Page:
This week 450 public development banks (PDBs) are gathering at the Finance in Common Summit, a seminal moment in the world of banking. The banks in attendance represent nearly $2.5 trillion in annual investments ranging from local banks and projects to multilateral banks providing development assistance across the globe. The… Read more

World Bank invested over $10.5 billion in fossil fuels since Paris Agreement

Big Shift Global – Research Papers Calling for an end to public financing of fossil fuels and a shift to investing in sustainable, renewable energy to provide energy access for all World Bank provides assistance and finance for fossils despite climate pledge Energy transition too slow to avert climate crisis… Read more

Portland General Electric to close only coal-fired power plant in Oregon

Congratulations to the state of Oregon on the announcement of closing its only coal-fired plant! Gratitude to all the community members who worked diligently towards this result. Many thanks to the Sierra Club and it’s Oregon Chapter for their dedication towards this important win.  Updated Oct 15, 2020; Posted Oct 15,… Read more

Deep Water Mining – What’s really going on in our Oceans?

“The world is too tragic for naive optimism” – Cornel West The coronavirus has spurred a number of recovery plans including from the World Bank and the Democrats, and the European Union all of which keep the climate and sustainability at the forefront. Threaded through all of them is the… Read more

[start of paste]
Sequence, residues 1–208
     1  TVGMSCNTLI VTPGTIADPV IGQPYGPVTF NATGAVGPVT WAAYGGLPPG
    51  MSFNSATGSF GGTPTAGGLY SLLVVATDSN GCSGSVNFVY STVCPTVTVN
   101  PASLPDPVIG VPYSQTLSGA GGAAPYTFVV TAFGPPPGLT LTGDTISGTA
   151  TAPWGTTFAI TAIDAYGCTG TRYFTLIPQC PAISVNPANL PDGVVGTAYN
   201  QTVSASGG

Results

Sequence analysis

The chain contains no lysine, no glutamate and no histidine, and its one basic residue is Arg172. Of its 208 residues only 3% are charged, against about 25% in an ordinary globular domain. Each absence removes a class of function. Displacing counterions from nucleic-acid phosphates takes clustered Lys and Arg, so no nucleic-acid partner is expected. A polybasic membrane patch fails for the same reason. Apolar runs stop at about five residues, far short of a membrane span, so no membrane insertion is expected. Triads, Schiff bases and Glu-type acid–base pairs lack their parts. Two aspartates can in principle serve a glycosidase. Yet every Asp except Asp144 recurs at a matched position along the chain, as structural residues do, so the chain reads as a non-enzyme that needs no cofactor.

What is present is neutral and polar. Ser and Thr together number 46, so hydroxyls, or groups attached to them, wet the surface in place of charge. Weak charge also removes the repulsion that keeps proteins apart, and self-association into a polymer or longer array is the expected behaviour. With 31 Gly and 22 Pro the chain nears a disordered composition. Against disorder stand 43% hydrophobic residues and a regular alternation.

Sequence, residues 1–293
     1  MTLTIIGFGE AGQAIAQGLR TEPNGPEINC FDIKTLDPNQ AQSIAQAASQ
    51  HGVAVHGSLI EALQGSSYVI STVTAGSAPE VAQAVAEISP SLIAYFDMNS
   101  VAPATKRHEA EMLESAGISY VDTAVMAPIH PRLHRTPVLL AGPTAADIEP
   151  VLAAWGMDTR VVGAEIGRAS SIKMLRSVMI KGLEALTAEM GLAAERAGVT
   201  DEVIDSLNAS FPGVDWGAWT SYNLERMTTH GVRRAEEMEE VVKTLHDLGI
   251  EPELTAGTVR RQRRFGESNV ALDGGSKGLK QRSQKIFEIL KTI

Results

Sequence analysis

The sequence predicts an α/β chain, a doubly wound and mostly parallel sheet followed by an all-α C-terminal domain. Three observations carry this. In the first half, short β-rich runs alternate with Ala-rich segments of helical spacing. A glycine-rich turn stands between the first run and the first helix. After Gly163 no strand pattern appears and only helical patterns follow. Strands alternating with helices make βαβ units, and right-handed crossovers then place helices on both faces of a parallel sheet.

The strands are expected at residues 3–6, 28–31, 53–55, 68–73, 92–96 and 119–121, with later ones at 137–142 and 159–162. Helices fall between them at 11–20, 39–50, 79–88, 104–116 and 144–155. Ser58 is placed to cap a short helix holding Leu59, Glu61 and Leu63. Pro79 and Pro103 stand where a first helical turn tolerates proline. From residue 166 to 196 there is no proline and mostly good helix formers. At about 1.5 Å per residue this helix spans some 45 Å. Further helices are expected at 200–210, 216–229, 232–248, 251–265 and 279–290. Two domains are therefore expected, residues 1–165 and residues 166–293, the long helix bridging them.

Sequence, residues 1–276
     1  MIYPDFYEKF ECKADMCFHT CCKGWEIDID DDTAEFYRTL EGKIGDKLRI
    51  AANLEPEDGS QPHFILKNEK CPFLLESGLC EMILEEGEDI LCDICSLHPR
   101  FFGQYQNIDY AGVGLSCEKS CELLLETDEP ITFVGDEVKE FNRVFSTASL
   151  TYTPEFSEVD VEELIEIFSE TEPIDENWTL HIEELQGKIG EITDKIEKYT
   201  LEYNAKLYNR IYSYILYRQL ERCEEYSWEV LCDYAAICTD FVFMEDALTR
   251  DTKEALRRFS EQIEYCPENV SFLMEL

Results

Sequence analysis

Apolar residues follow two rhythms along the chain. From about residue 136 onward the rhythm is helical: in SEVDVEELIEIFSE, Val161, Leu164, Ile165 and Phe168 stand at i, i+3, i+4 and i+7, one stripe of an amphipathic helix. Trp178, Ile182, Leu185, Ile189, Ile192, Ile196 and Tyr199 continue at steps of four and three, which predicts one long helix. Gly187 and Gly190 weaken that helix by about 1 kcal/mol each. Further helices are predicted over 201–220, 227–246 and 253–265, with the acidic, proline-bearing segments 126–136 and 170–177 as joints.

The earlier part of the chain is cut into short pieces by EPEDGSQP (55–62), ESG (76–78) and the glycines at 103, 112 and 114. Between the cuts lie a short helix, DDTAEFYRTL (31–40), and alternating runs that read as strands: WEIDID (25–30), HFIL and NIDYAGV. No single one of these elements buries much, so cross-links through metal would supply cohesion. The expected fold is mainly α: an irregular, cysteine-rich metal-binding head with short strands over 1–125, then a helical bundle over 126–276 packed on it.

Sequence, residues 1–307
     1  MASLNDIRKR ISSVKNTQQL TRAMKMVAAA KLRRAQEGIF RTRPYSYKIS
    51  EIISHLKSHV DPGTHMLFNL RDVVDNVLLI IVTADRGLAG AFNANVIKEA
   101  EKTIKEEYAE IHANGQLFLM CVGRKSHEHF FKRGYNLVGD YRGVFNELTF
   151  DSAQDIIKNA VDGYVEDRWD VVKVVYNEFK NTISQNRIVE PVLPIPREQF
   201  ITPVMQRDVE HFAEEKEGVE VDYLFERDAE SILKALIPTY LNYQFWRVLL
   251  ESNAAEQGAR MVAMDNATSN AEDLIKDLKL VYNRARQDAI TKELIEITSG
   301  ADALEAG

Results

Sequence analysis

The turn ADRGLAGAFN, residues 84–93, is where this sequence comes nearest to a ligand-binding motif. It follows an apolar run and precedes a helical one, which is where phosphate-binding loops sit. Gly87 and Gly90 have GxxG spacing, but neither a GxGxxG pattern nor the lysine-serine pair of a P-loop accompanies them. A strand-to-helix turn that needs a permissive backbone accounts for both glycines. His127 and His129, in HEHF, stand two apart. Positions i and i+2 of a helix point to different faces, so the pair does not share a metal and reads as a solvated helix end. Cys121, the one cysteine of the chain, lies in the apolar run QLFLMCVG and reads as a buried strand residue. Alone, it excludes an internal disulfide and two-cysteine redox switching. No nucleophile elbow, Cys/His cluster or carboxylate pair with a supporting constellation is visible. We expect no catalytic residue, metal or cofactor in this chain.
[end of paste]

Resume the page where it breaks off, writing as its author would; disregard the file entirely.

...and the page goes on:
The Rebirth of Coal

Funding for fossil fuels has not slowed down. In 2015, 197 nations signed The Paris Climate Agreement pledging to transition away from fossil fuels to renewable energy. The science is clear that unless emission from fossil fuels drop to near 0 by 2030, the world is sure to eclipse the… Read more

A Time for Change

The coronavirus pandemic should be understood as a dress rehearsal for climate change. The rapidity and breadth of its impact has been too much for our systems to bear. It’s put health care, social security, food systems, sanitation, and most everything else to the absolute test. Thus far food is… Read more

A Community Response to Climate Change – Regional Minister’s Training

A problem with climate change is that no one knows what’s going to come next. Yes there are climate models – some from nearly 40 years ago – that accurately predict the moment we are in: record floods, incredible droughts, dwindling snowpacks, and a full ⅓ of the year consumed… Read more

On Food & Faith: 2019 Ministry in the Time of Climate Change Highlights; Beyond Religion; and More…

Dear Friends, What a weekend!  We had 150 faith leaders, activists, farmers, academics, and community leaders from around the Midwest (coasts too!) come together at Methodist Theological School in Ohio (MTSO) to learn how our food systems and land use impacts and is impacted by climate change. There are so… Read more

Allensworth

Not many people know where Allensworth, CA is. Of all the people I asked in Fresno only one had heard of it. Allensworth is a small town about 30 miles north of Bakersfield that according to the last census is home to 471 people. The town leadership says its closer… Read more

On Water & Faith: Minister’s Training 2018

We began the conference with a water ceremony.  In a large circle, on a beautiful late spring day, 70 of us gathered around a copper pot to pay homage to Creator, life-giving water, and to one another. The water each of us poured into the pot carried stories of hope… Read more